Today was an interesting day at KKN. Trench T108 yielded yet more quartz flakes and ceramics, but we are getting to the bottom sand in several spots, which means the trench is almost done. The section where the midden was believed to be is now being brought down to the same level as the rest of the trench. It is yielding a large amount of quartz flakes, ceramics, and possibly burnt bone. It seems that our trench has just caught the edge of the midden in the south east corner. Test pitting of the KKN area also commenced today. A line of nine 50 by 50 centimeter test pits (one every 4 meters) was done along where the shore was during the occupation of the KKN site where there were no dwelling depressions. Only one of the test pits was negative while the rest yielded large amounts of quartz, ceramics and burnt bone. The coolest find of the day was three large pieces of quartz that refit to form a large scraper, complete with an easily identified used edge. These eight positive test pits in such a concentrated area support the hypothesis that this area near the cluster of dwellings was being used as a large midden. This is also evidenced by the soil samples that Eva Hulse took in this area, which have high levels of phosphorus and other anthropogenically introduced substances. These high levels mean that a high concentration of organic decomposition has been occurring, which is very strong evidence for human use as a midden.
Over in trench T208 at the Thing excavation is proceeding at a rapid pace. A soil core has revealed several layers of charcoal up to two meters down, and even charcoal below the water table. In total the site seems to be a palimpsest of at least four separate fire places, with one being near the top and thus relatively recent. The trench will thus be excavated as far as possible, meaning down to the water table, and charcoal samples will be sampled to be dated, to show us when these fire places were being used. This trench also shows a V-shaped line of decomposing matter, much like the one that was found in T308 at the Pits. This could indicate that the pit was once lined with birch bark for either storage or insulation purposes.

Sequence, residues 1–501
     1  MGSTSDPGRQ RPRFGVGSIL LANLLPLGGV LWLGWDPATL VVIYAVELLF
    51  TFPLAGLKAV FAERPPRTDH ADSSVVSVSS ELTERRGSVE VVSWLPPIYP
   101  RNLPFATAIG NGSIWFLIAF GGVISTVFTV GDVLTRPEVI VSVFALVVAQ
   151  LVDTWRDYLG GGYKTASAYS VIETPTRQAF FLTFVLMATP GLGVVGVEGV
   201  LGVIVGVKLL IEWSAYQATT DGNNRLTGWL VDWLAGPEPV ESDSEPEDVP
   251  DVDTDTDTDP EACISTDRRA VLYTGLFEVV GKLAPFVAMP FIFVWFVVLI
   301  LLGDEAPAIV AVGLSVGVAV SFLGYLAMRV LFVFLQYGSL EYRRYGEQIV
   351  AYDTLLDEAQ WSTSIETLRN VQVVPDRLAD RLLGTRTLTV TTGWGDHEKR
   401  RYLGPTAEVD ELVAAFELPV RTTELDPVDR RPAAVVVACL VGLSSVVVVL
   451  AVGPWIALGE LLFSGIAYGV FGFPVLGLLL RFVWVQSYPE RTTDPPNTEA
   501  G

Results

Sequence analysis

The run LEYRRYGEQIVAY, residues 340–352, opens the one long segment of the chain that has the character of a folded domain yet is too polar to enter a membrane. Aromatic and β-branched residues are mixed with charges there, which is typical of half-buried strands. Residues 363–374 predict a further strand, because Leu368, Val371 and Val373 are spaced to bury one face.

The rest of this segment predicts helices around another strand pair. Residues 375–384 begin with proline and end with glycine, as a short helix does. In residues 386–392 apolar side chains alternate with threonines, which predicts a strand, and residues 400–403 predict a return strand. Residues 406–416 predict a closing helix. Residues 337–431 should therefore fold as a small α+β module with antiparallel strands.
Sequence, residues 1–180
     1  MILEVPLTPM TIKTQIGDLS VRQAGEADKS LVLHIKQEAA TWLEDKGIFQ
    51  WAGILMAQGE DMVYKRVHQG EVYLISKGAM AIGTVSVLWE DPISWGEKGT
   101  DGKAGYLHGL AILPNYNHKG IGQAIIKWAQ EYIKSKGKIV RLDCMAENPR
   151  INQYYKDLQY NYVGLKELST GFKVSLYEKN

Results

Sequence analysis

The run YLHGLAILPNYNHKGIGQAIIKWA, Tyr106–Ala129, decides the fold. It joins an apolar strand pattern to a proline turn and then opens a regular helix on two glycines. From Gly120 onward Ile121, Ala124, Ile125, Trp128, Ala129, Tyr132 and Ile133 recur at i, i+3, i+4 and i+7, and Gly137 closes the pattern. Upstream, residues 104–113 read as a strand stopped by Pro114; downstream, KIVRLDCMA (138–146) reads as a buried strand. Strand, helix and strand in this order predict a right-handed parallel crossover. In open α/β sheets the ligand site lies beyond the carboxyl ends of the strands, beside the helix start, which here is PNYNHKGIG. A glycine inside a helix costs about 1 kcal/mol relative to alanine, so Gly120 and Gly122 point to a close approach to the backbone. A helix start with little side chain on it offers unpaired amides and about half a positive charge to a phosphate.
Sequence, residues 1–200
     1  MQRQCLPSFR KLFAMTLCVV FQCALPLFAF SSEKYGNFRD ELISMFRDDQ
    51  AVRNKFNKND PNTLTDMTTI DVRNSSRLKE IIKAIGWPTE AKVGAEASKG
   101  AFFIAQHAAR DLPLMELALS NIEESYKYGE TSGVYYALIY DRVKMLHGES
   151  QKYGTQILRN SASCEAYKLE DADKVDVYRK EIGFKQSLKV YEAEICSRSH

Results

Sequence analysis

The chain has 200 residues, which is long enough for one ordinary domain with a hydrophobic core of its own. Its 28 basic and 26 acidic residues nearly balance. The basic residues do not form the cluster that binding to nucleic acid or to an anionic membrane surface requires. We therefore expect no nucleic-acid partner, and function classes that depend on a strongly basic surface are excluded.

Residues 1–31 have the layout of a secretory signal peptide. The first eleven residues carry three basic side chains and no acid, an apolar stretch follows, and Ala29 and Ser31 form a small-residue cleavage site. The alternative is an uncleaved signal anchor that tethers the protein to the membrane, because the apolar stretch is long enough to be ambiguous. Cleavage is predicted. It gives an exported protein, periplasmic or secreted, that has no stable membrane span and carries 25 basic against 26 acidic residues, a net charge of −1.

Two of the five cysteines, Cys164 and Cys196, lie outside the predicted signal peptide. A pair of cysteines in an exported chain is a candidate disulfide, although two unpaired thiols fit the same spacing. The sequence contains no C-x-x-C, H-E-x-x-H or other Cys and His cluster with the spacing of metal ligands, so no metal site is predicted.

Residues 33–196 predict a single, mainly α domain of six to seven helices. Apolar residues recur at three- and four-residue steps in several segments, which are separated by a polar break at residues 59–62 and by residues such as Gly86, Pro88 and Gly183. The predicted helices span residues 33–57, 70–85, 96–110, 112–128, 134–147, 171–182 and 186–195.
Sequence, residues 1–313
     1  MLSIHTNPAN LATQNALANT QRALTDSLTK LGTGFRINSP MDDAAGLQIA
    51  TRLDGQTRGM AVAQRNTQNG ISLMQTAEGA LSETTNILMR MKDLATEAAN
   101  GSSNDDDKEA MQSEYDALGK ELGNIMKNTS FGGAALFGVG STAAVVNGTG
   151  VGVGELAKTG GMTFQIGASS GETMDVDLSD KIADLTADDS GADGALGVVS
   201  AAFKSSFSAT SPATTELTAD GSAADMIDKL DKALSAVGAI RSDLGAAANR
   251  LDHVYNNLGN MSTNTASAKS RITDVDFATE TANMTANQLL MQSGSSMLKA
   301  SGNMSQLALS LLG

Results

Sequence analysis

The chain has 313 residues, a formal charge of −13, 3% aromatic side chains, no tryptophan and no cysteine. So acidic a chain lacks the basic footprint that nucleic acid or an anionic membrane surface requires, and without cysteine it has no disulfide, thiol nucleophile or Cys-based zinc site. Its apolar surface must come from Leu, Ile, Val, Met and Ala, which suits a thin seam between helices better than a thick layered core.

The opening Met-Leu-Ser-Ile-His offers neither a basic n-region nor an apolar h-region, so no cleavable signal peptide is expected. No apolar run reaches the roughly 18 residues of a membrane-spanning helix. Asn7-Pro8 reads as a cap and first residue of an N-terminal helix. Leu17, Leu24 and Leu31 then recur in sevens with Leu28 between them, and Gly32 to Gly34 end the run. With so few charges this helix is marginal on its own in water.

Otherwise not much else today. The survey team didn't find any new sites, but it was a beautiful day, so they did enjoy wandering through the forest in some beautiful weather.
Here are some pictures from the day.
The refitted large quartz scraper found in a test pit by KKN (some of the smaller broken pieces are missing).
A close up of the used edge of the scraper, you can see very small pieces and fractures along the used edge, this is how we can tell when a quartz tool has been used. I will try to include a picture of the used edge under the microscope at some point next week.
That's all for this week, posts will start back up on Monday and continue for one more week!
The Field School